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quency; and many of the nobility and gentry were, without any questions being asked, suddenly discovered to have committed the crime of delinquency! Whether honest Fuller be facetious or grave on this period of nick-naming parties I will not decide; but, when he tells us that there was another word which was introduced into our nation at this time, I think at least that the whole passage is an admirable commentary on this party vocabulary.
“ Contemporary with malignants is the word plunder, which some make of Latin original, from planum dare, to level, to plane all to nothing! Others of Dutch extraction, as if it were to plume, or pluck the feathers of a bird to the bare skin*. Sure I am we first heard of it in the Swedish wars; and if the name and thing be sent back from whence it came, few English eyes would weep thereat.” All England had wept at the introduction of the word. The rump was the filthy nick.name of an odious faction—the history of this famous appellation, which was 'at
• Plunder, observes my friend, Mr. Donce, is pure Dutch or Flemish- Plunderen, from Plunder, which means property of any kind.
first one of horror, till it afterwards became one of derision and contempt, must be referred to another place. The rump became a perpetual whetstone for the loyal wits, till at length its former admirers, the rabble themselves, in town and country vied with each other in “
“ burning rumps” of beef which were hung by chains on a gallows with a bonfire underneath, and proved how the people, like children, come at length to make a play-thing of that which was once their bugbear.
Charles II. during the short holiday of the restoration--all holidays seem short !—and when he and the people were in good humour, granted any thing to every one,-the mode of Petitions” got' at length very inconvenient, and the king in council declared, that this petitioning was “A method set on foot by ill men to promote discontents among the people,” and enjoined his loving subjects not to subscribe them. The petitioners however persisted—when a new party rose to express their abhorrence of petitioning; both parties nick-named each other the petitioners and the abhorrers! Their day was short, but fierce; the petitioners, however weak in their
Vol. II. (New Series.)
cognomen, were far the bolder of the two, for the commons were with them, and the abhorrers had expressed by their term rather the strength of their inclinations, than of their numbers. Charles II. said to a petitioner from Taunton, “ How dare you deliver me such a paper ?”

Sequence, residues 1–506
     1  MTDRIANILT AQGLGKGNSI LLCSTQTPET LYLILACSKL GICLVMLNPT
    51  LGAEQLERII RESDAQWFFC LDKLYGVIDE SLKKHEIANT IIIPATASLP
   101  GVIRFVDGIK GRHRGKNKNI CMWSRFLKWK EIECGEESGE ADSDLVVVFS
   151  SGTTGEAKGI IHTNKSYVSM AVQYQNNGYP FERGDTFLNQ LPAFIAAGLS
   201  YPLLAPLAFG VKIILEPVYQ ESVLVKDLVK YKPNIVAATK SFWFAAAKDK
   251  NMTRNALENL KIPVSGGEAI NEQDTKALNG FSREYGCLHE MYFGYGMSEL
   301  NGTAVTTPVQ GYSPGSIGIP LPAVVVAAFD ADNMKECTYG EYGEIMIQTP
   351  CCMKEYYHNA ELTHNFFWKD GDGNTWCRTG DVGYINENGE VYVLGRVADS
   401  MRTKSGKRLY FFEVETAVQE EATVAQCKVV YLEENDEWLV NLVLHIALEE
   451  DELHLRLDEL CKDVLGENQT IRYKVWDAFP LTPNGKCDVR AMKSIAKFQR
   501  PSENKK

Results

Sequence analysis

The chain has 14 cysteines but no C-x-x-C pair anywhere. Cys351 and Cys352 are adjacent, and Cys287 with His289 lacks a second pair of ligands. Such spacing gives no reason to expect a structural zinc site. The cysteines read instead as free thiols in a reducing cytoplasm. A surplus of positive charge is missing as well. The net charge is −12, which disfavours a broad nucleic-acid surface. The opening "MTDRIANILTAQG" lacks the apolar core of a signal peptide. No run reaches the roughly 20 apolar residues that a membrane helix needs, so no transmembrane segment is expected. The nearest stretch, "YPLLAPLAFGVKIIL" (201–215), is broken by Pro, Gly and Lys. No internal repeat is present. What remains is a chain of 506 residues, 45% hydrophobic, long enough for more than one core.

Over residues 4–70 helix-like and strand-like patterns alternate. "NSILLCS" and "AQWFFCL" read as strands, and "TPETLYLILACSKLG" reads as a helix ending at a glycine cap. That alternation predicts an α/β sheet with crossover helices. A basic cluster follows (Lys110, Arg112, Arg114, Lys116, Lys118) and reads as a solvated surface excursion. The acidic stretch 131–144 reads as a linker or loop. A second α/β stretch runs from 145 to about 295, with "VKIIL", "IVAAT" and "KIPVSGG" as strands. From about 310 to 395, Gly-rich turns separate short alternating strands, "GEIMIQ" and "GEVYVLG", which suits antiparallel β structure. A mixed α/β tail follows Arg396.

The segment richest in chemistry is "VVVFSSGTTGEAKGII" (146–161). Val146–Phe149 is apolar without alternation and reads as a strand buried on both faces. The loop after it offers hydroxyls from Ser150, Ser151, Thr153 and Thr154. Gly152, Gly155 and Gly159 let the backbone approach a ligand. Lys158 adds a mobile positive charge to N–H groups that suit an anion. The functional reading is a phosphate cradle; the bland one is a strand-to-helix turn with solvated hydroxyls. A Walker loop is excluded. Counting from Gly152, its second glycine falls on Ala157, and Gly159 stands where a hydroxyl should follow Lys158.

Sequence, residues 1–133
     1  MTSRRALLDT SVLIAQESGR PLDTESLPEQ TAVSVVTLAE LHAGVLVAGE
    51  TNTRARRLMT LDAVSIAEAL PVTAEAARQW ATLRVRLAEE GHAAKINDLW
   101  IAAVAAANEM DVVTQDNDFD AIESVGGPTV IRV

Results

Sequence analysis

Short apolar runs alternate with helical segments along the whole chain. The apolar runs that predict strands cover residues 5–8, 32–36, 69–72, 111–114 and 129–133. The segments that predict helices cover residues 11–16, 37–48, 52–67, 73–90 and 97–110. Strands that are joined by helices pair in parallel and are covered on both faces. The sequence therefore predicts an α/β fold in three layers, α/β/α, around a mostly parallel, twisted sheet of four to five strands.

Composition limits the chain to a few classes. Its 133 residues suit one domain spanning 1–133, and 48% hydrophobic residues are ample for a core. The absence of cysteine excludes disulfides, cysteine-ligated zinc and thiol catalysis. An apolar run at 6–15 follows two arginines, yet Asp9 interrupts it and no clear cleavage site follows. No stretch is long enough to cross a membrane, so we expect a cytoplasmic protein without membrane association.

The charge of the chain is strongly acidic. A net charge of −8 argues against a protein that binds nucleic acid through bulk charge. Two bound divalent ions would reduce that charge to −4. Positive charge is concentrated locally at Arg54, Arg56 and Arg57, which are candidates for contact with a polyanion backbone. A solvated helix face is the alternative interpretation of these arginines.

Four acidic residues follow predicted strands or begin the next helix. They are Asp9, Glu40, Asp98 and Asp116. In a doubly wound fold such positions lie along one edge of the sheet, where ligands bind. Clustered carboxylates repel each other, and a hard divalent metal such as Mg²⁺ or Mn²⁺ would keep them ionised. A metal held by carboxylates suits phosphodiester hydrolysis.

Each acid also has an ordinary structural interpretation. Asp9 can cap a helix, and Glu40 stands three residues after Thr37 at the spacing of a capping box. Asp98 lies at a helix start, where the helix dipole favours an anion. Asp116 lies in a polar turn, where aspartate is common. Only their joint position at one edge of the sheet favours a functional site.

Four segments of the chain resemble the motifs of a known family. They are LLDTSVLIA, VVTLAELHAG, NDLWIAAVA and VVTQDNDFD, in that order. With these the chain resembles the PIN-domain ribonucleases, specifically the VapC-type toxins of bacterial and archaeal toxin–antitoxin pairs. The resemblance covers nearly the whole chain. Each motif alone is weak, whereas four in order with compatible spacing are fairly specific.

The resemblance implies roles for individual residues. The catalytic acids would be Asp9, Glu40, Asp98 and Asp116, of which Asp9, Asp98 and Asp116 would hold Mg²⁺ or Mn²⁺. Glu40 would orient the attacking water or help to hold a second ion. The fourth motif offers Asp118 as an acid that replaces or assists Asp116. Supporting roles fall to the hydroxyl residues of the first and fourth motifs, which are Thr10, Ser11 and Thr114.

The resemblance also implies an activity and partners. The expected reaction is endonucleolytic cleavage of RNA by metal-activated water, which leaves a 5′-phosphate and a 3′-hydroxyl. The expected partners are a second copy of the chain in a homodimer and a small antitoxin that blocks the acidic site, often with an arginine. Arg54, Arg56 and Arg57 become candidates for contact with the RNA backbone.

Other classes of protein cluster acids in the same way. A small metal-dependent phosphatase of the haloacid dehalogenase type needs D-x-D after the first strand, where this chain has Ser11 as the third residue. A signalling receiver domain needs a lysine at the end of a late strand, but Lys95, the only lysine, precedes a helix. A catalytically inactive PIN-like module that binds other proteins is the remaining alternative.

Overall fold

Sir,” replied the petitioner from Taunton, “My name is Dare !”
A saucy reply, for which he was tried, fined, and imprisoned: when lo! the commons petitioned again to release the petitioner! “ The very name," says Hume,“ by which each party denominated its antagonists discover the virulence and rancour which prevailed ; for besides petitioner and abhorrer, this year is remarkable for being the epoch of the well-known epithets of Whig and Tory.” These silly terms of reproach are still preserved among us, as if the palladium of British liberty was guarded by these exotic names; for they are not English which the parties so invidiously bestow on each other. They are ludicrous enough in their origin ; the friends of the court and the advocates of lineal succession, were by the republican party branded with the title of Tories, which was the name of certain Irish rob
bers: while the court party in return could find no other revenge than by appropriating to the covenanters and the republicans of that class, the name of the Scotch beverage of sour milk, whose virtue they considered so expressive of their dispositions, and which is called whigg. So ridiculous in their origin were these pernicious nicknames, which long excited feuds and quarrels in domestic life, and may still be said to divide into two great parties this land of political freedom. But nothing becomes obsolete in political factions, and the meaner and more scandalous the name affixed by one party to another, the more it becomes not only their rallying cry or their password, but even constitutes their glory. Thus the Hollanders long prided themselves on the humiliating nick-name of “les gueux :” the protestants of France on the scornful one of the Huguenots ; the non-conformists in England on the mockery of the puritan; and all parties have perpetuated their anger by their inglorious names. Swift was well aware of this truth in political history :“ each party,” says that sagacious observer,
grows proud of that appellation which their adversaries at first intended as a reproach ; of this sort were the Guelphs and the Ghibellines, Huguenots and Cavaliers.”
Nor has it been only by nick-naming each other by derisory or opprobrious terms that parties have been marked, but they have also worn a livery, and practised distinctive manners. What sufferings did not Italy endure for a long series of years, under those fatal party-names of the Guelphs and the Ghibellines ; alternately the victors and the vanquished, the beautiful land of Italy drank the blood of her children. Italy, like Greece, opens a moving picture of the hatreds and jealousies of small republics : her Bianca and her Nera, her Guelphs and her Ghibellines ! In Bologna, two great families once shook that city with their divisions; the Pepoli adopted the French interests ; the Maluezzi the Spanish. It was incurring some danger to walk the streets of Bologna, for the Pepoli wore their feathers on the right side of their caps, and the Maluezzi on the left. Such was the party-hatred, of the two great Italian factions, that they carried their rancour even into their domestic habits ; at table the Guelphs placed their knives and spoons longwise, and the Ghibellines across; the one cut their bread